Exploring Climate Dynamics

Prof. Weiqing Han (University of Colorado at Boulder, USA) was selected as the Johannes Geiss Fellow in 2020. Background graphic from https://s-ink.org/sea-surface-temperature-2023-july
Prof. Weiqing Han (University of Colorado at Boulder, USA) was selected as the Johannes Geiss Fellow in 2020. Background graphic from https://s-ink.org/sea-surface-temperature-2023-july.

Insights from Professor Weiqing Han’s Research

The Earth’s atmosphere and ocean are in the focus of Professor Weiqing Han, who is affiliated with the University of Colorado and a former ‘Johannes Geiss Fellow’ at ISSI Bern. Her focus is predominantly on the dynamics of our evolving climate across intra-seasonal to decadal time frames. Important facets of her work encompass ocean dynamics, regional sea-level fluctuations, climate variability, and the intricate interplay between the atmosphere and the ocean. Below, Professor Han provides a synopsis of her latest publications arising from her time as an ISSI fellow.

Emergence of the central Atlantic Niño

The Atlantic Niño, a climate phenomenon characterised by regional sea surface warming in the equatorial Atlantic Ocean, has a significant impact on tropical climate, including the El Niño and Southern Oscillation (ENSO), which has large climatic impact worldwide. Our recent publication (Zhang et al. 2023) shows that the Atlantic Niño has undergone significant changes, with the emergence of two distinct types: the central and eastern Atlantic Niño. The eastern Atlantic Niño has been weakening since the 1970s, which allows the central Atlantic Niño to emerge and become more prominent since the early 2000s. In this study, we demonstrate that the central Atlantic Niño, with its unique spatial pattern, exerts a stronger influence on tropical climate compared to its eastern counterpart. This finding explains why we still see a strong remote impact on ENSO despite the weakening of both eastern and central Atlantic Niño combined. Differentiating between the two types of Atlantic Niño seems key for a comprehensive understanding of their climatic impacts on both local and remote regions, including their role in influencing ENSO.

Increase in MJO predictability under global warming

The Madden–Julian Oscillation (MJO) is an eastward-moving atmospheric disturbance that occurs in every 30-60 days in the tropics, with strong manifestations in clouds, rainfall, winds, and pressure. The MJO has significant impacts on global weather and climate and is a dominant source of their sub-seasonal predictability. Our recent study (Du et al. 2023) found that the MJO has become more predictable (i.e., increase in predictability) under the influence of anthropogenic warming in the past century, and this increase will continue during the twenty-first century based on the results from climate model projections. The increased predictability is due to the stronger MJO amplitude, more regular oscillation patterns and more organised eastward propagation under global warming.

Sea level variability along the U.S. East coast

Coastal flooding is one of the major threats to nearshore regions, and it has become more frequent along the U.S. east coast in recent decades. The year-to-year (i.e., inter-annual) sea level variations, superimposed on decadal fluctuations and climate change-induced global sea level rise, have significant impacts on the frequency and spatial variation of coastal flooding. The factors that can drive the year-to-year sea level variations are complex. Local forcings arise for example from atmospheric wind and sea level pressure in the nearshore regions. Other sea level signals are remotely forced and propagate to the U.S. east coast from the open ocean and from the subpolar north Atlantic down via the western boundary. In our recent study (Zhu et al 2023a), we found that during the satellite altimetry era from 1993-2019, local wind and sea level pressure play more important roles than other remote forcing in driving the year-to-year coastal sea level variations in the Mid-Atlantic Bight and Gulf of Maine, while both local and remote forcings are important in the South Atlantic Bight.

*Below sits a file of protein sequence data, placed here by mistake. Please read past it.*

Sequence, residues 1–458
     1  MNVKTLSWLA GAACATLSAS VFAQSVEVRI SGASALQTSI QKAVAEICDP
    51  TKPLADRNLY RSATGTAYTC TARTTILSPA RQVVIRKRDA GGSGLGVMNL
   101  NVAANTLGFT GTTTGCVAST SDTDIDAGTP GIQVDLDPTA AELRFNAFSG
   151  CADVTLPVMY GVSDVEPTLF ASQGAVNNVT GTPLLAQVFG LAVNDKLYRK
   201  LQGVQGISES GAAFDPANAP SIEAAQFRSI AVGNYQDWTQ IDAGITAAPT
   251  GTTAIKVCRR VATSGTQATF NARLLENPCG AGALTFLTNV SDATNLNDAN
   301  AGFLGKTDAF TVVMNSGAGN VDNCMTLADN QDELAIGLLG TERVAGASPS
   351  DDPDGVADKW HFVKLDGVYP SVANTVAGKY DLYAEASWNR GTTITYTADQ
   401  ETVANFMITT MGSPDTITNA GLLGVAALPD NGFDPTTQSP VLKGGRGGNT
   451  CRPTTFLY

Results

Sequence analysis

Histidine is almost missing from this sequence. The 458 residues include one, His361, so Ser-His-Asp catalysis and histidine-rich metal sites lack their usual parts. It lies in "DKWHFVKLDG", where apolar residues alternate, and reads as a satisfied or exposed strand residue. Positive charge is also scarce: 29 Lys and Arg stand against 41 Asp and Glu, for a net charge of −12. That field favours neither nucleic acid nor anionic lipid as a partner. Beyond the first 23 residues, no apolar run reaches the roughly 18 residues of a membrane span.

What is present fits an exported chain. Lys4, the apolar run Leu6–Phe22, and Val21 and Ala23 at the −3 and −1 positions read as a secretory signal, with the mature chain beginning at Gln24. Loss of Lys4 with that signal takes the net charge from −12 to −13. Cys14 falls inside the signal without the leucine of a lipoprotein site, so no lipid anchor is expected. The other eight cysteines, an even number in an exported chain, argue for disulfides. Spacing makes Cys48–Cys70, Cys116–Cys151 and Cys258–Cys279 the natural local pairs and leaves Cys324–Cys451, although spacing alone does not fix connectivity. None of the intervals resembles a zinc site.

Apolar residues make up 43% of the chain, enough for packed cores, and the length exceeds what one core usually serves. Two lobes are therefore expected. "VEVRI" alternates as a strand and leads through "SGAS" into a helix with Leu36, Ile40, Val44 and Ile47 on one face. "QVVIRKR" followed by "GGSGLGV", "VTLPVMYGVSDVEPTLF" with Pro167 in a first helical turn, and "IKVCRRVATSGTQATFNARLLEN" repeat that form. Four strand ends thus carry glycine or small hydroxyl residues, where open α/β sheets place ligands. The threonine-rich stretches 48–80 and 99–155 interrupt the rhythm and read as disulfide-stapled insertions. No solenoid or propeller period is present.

The role of local forcings, however, is non-stationary with time, with a significantly increased impact on coastal sea level in the Mid-Atlantic Bight and Gulf of Maine especially during boreal summer season in recent decades (1990-2020) compared to earlier decades (1959-1989) (Zhu et al. 2023b). The enhanced impact of local forcings in recent decades results mainly from the increased influence of atmospheric sea level pressure associated with the North Atlantic Oscillation (NAO), a dominant inter-annual climate variability pattern that has large influence on the U.S. and European climate. A stronger NAO-associated low sea level pressure anomalies is centred around the Mid-Atlantic Bight region in recent decades, resulting in a larger impact on coastal sea level compared to earlier decades.

  • Zhu, Y., W. Han, M. Alexander, and S-K Shin, 2023a: Interannual Sea Level Variability Along the U.S. East Coast During Satellite Altimetry Era: Local versus Remote Forcing. Journal of Climate, DOI: https://doi.org/10.1175/JCLI-D-23-0065.1
  • Zhu Y., W. Han, M. Alexander, 2023b: Nonstationary Roles of Regional Forcings in Driving Low-frequency Sea level Variability Along the U.S. East Coast since the 1950s. Geophysical Research Letters, https://doi.org/10.1029/2023GL104191
  • Zhang, L., C. Wang, W. Han, M.J. McPhaden, A. Hu, and W. Xing, 2023: Emergence of Central Atlantic Nino. Science Advances, DOI: https://doi.org/10.1126/sciadv.adi5507
  • Du, D., A. Subramanian, W. Han, W. Chapman, J. Weiss and E. Bradley, 2023: Increase in MJO predictability under global warming. Nature Climate Change, https://doi.org/10.1038/s41558-023-01885-0 

Also, have a listen to Professor Han’s Pro ISSI talk here: www.issibern.ch/pro-issi-weiqing-han/